"How one runs probably is more important than what is on one’s feet, but what is on one’s feet may affect how one runs." ~Dr. Daniel Lieberman
    "Barefoot is the default." ~Bare Lee
    "Shoes do no more for the foot than a hat does for the brain." ~Dr. Mercer Rang


    There's also this "Dick Beardsley 61 and minus two knees"
     
  6. Kneed2Run

    Kneed2Run new member

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    I had BTKR February 12th, 2015. I started interval training at about 18 months postop and was running regularly soon after. I saw my doctor at 2 years postop and he said my xrays showed no unusual wear. He said to keep it up. I am now running 3 times a week, up to 10 miles at a time and 20 to 22 miles per week. This is mostly on the treadmill, though I do like to get outside when I can on fairly flat surface. I never did like hills.

    I focus on smooth stride and forward foot strike. I rarely take any ibuprofen or painkillers. I also worked with a Performance Therapy group who helped me with function leg exercises and balance. This is important before starting to run.

    I was told about reduced life of the replacements due to running, but this just seems to be speculation. There are so few runners who get TKR that try to run again. I have not been able to find statistical data to support the claim. If someone can find some, I really want to see it.
     
  7. Celle

    Celle FORUM ADVISOR Forum Advisor

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    I'm not a runner, but I do want to offer some advice.

    If you are going to run, do make sure that you get your knee checked regularly, to make sure that the plastic spacer between the metal components is not wearing thin.
    If it is wearing thin, the operation to replace a spacer is much less serious than having a total knee revision.

    I had a partial knee replacement (PKR) that served me well for 11 years. What I didn't know - I had no warning - was that the plastic spacer was wearing thin.
    One day, while I was on holiday, I was walking really fast and that spacer broke. Part of it shot out to the front of my knee and part went to the back.

    From being able to walk well, I was suddenly lying on the floor, unable to walk at all. I came home on crutches, not weight-bearing on my artificial knee.
    I had to have the entire knee replacement revised.

    The spacer breaking was very painful and it's not something I would wish on anyone.
     
  8. Oomworthy

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    I don't know if it helps, but my physiotherapist has recently trained as a running coach and now offers a 6 week course showing people the correct way to run - he also does a proper walking technique course. It's possible that anybody trained as a running coach may be able to help based on knee surgery constraints.

    I plan to have him as my PT after my TKR (after 8 years he knows my knee better than almost anybody) and I was wondering if he could use the new skills to help me run again - not that I've ever been a 'runner' but it'd be nice to run with the dogs before they get too old.

    Also, would running on sand (or trail running as somebody else mentioned) help to reduce the impact/load? I know that it's harder on the muscles but much better at reducing impact. I live near to the beach but perhaps it's not an option for you.
     
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  9. Celle

    Celle FORUM ADVISOR Forum Advisor

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    I think running on sand would be a bad idea. Even walking on sand is hard on a new knee, because it's hard to get a firm foot-hold. Your muscles have to do a lot to compensate for that.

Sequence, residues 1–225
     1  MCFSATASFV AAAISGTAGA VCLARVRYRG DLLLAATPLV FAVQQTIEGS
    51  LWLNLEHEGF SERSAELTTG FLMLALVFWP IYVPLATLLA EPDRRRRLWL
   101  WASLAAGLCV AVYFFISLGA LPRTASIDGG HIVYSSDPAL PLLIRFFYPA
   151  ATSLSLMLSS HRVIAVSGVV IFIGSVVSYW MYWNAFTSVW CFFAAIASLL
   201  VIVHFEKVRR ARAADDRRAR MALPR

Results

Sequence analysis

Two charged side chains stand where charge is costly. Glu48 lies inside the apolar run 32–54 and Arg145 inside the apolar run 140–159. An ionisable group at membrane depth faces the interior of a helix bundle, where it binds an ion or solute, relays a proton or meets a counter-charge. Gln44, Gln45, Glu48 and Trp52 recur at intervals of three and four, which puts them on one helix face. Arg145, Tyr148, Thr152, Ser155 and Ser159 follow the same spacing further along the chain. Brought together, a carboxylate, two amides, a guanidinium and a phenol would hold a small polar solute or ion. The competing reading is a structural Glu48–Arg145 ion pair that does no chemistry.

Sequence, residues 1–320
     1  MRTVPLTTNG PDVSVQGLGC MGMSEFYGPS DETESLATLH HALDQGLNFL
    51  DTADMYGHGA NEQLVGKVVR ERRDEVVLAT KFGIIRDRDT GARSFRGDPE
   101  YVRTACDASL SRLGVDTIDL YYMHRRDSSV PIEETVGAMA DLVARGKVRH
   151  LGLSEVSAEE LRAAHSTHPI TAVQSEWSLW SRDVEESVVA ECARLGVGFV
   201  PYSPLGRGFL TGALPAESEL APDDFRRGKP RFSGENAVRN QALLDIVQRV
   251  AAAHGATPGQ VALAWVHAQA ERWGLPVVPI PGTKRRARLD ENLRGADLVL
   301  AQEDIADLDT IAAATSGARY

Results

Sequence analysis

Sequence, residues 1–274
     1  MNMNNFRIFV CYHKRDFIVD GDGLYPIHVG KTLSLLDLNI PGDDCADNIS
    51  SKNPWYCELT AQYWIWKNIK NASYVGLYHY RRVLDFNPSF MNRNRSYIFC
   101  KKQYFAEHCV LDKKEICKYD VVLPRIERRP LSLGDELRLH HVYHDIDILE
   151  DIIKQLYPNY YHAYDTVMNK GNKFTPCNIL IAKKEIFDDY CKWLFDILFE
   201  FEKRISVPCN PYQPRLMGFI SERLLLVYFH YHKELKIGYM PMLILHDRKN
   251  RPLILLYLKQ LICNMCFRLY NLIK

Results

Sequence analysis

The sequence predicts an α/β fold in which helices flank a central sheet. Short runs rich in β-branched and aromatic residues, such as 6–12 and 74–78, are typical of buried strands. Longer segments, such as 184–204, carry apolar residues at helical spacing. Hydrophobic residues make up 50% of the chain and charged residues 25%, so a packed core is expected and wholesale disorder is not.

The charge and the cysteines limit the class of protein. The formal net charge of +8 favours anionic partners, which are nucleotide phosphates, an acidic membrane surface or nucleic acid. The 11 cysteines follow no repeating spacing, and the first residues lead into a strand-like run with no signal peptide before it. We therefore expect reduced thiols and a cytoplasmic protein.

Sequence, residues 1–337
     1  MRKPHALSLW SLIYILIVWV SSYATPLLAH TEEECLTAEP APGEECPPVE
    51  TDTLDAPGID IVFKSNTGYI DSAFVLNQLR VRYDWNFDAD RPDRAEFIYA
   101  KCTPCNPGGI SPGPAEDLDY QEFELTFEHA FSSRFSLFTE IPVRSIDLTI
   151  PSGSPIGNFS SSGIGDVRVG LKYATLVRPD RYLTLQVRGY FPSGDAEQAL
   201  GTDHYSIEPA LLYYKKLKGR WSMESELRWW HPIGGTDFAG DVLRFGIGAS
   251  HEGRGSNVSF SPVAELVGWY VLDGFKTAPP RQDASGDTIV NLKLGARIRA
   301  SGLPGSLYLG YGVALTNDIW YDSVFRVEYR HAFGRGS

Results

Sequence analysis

While walking on firm sand is easier, I think running on soft sand could cause problems, or even injury.
     
  10. Chillimac

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    I have a work colleague who was a regular half marathon runner who had TKR surgery 7 years ago. A year after surgery he returned to running, slowly building up until he was running the same distance as before surgery a couple of times a week but not competitively. He had no problems............for around 5 years, then he started to have problems. 2 years on he's now just had the knee re done (November 17) and had a very bad time with his recovery as against the first time around. Obviously this is just one example, everyone is different but in his own words " I should've listened when the physio told me running was a bad idea"
     
  11. NDSunshine

    NDSunshine junior member

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    My doc says no, but I run in water. Have done that in pools, and my favorite, in the ocean, or other natural bodies of water. I love the running on foot front idea. That's how I've always done it. But bottom line, I plan on taking care of my knees.

    Sent from my SM-J100VPP using Tapatalk
     
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  12. batcat

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    So I’m 18 Months post op. TKR . Was hoping/expecting to be able to jog to 1st base. I couldn’t run 10 feet if you paid me. Went to two other Doctors, this is the best I’ll be. So sad. 56 yrs old, PE teacher. I can golf and walk. But knee hurts after golf. Should have waited until I couldn’t walk at all, then anything else would be a bonus.
     
  13. ertuck

    ertuck junior member

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    I am sorry to hear that batcat I am in the same position at six months as you ,my days of leaping about playing squash jumping up and instantly running , long distance running, bounding up and down the stairs are long behind me.
    Nowadays I have to gently get up from the sitting position, tentatively test my knee out and wait for it to gradually become less painful and then I can walk about.I sincerely feel your anguish as it is /or was your means of livelihood and enjoyment.I cannot straighten my leg but I do row 5k everyday on my erg for cardio vascular exercise.The Quactors know that it can't be improved but it is better than lurching from one fence/or post to another, clutching them for support as was the case with me after walking 100 yards pre op..
    Ertuck